Arms can be awkward. If you are not prone to gesturing, you may wonder what you should do with your arms and hands, especially in one-on-one conversations. Letting both of your arms hang at your sides may or may not be comfortable for some people so you could try tucking one arm loosely behind your back (your wrist would lay right either in the small of your back or over your bottom). There are many more options for when you are seated. Practice various arm and hand positions and determine which is the most comfortable for you while still presenting a professional image.

Keeping Still

One aspect of good manners is the ability to keep still, which basically means not fidgeting. This includes bouncing a foot or rocking while seated; playing with hair, chair, or other object; continually touching one’s face or itchy/scratching; blowing bubbles with your gum or chewing very loudly; biting or picking at fingernails; etc. These types of fidgeting imply restlessness, nervousness, discomfort, or indifference and should be avoided in public and/or formal settings.

I should mention an exception to this guideline: sometimes fidgeting is an unconscious symptom of a larger condition. I had an acquaintance that was in a terrible car accident, it was truly a miracle she even survived, but her right arm would occasionally spasm. She had no control of it, and while some might find it distracting, it is good manners to overlook instances where such a thing is uncontrollable. However, if you are perfectly capable of keeping still and fidget simply out of habit, you should be aware that such behavior is often interpreted by those around you as rude and the result of poor self-discipline and low self-respect.

YOU MIGHT ALSO LIKE:  Our children are watching: a response to hate

Personal space

Two young men talking.
Image: Andy Newson / FreeDigitalPhotos.net

Perhaps one of the most important, yet often overlooked, aspect of good manners is the issue of personal space. In the United States, personal space is tremendously important and violating someone’s personal space, even accidentally, can create negative impressions towards you. Most people are comfortable with two to three feet of space between them and another person, especially someone holding a conversation with them. You may notice, when someone begins to encroach upon another’s personal space, the victim may lean backwards to create more space, cross their arms over their chest to form a visual barrier, or actually take a step backwards. When opposite genders are involved, violating personal space could be misinterpreted as unwanted sexual attention or even sexual harassment, even more so if the perpetrator touches the victim without permission.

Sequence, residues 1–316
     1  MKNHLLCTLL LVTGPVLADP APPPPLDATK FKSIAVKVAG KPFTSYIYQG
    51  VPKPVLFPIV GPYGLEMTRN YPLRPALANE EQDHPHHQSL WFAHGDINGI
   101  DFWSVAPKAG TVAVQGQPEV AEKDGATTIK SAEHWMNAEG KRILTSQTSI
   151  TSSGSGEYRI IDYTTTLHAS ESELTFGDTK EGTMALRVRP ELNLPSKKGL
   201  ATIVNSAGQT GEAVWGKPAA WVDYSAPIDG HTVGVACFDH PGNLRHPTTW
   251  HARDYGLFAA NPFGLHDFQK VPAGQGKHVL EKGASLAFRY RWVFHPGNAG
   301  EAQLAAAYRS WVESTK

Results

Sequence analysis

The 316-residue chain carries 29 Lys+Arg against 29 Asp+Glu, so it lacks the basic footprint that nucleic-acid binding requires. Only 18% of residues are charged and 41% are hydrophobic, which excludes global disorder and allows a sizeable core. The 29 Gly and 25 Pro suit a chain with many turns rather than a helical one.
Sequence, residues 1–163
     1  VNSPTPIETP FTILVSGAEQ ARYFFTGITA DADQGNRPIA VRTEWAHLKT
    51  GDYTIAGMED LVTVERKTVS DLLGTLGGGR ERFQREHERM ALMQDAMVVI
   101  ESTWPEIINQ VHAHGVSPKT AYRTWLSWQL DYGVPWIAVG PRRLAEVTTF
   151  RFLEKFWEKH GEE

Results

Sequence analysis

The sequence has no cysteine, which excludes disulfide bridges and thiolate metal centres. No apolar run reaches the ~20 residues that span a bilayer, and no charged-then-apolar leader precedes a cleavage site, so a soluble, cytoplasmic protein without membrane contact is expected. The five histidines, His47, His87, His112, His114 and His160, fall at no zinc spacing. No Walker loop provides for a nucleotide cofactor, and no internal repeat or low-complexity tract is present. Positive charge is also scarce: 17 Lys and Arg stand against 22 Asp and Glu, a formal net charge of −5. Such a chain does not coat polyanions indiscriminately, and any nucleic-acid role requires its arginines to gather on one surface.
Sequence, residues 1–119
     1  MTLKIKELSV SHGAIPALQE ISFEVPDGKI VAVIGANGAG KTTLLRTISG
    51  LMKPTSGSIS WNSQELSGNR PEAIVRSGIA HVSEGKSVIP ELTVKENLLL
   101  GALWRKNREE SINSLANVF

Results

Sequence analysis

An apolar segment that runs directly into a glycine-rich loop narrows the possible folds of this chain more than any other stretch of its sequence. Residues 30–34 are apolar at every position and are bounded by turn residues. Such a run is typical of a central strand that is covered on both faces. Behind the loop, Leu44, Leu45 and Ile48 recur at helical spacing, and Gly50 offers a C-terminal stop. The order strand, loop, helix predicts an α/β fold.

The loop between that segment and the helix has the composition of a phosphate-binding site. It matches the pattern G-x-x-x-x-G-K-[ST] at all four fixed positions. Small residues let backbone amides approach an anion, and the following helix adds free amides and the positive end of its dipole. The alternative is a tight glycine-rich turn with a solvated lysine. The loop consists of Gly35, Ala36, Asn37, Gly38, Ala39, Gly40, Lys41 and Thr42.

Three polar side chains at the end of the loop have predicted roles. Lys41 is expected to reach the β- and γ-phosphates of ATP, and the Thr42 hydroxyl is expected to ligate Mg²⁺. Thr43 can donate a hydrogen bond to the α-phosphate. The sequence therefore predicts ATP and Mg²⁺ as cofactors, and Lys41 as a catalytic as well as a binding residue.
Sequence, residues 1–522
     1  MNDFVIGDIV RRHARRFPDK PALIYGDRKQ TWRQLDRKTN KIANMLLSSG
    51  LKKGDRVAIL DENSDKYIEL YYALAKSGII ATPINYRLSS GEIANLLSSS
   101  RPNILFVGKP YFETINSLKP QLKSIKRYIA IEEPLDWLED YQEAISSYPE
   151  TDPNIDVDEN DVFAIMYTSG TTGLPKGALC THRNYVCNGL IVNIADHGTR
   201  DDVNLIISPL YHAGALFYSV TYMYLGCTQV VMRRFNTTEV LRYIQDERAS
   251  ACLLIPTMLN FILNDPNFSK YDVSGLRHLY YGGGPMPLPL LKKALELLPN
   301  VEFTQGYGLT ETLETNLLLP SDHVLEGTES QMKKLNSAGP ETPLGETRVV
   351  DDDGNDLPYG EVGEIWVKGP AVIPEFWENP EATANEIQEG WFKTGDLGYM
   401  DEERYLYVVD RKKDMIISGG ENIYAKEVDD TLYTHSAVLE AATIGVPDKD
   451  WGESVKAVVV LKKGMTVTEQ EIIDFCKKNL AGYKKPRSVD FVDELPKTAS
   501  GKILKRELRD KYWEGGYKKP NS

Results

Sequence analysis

Touching is a very delicate issue. When meeting someone for the first time, a handshake should be the only form of touching. Through multiple face-to-face meetings, an acquaintanceship is formed and you begin to discover what types of physical interaction is welcomed or not by the other individual. Some individuals open up to new people very quickly and are more lenient towards physical (non-sexual) contact such as clapping someone on the shoulder, friendly hug, etc. Other individuals are more guarded and find physical contact very personal, only to be done among very good friends and family. The only way to know what degree of contact is appropriate is to build a relationship with that person and over time, you will learn. When in doubt, keep your hands to yourself and stand at least two feet away from the other person.

On a more humorous note, keeping a distance of two to three feet allow those individuals who are prone to wild gesticulation space so not to accidentally hit those he or she is speaking to. Receiving an unintended whack to the nose by someone’s hand is not an altogether pleasant experience, even if you end up laughing about it later on.

And that, my friends, is a brief run down on body language. Again, please remember that the meanings and appropriate behaviors addressed in this article are specifically for the North American culture and applicable especially to the United States. If you are residing elsewhere, it is important to look into the appropriate behaviors and meanings of body language within your culture. If you take away nothing else from this article, ask yourself this simple question: What does my body language say about me?

Related posts

  • The Basics of Good MannersThe Basics of Good Manners In this first article of this series Manners: A Lost Art, we will begin building the foundation of our behavior by discussing the basics of good manners. Many of us learned these as […]
  • Our children are watching: a response to hateOur children are watching: a response to hate Personal note from Jacquelyn: I have written and re-written this post a dozen times over the last few days. It is time to share it. I know this post is imperfect and, in spite of my humble […]
  • Raising Successfully Selfish KidsRaising Successfully Selfish Kids While driving home from work Friday, October 23, 2015, I tuned in to a radio talk show hoping to catch a local weather update. Instead, I had the opportunity to listen to two rather […]

Leave a Reply

Your email address will not be published. Required fields are marked *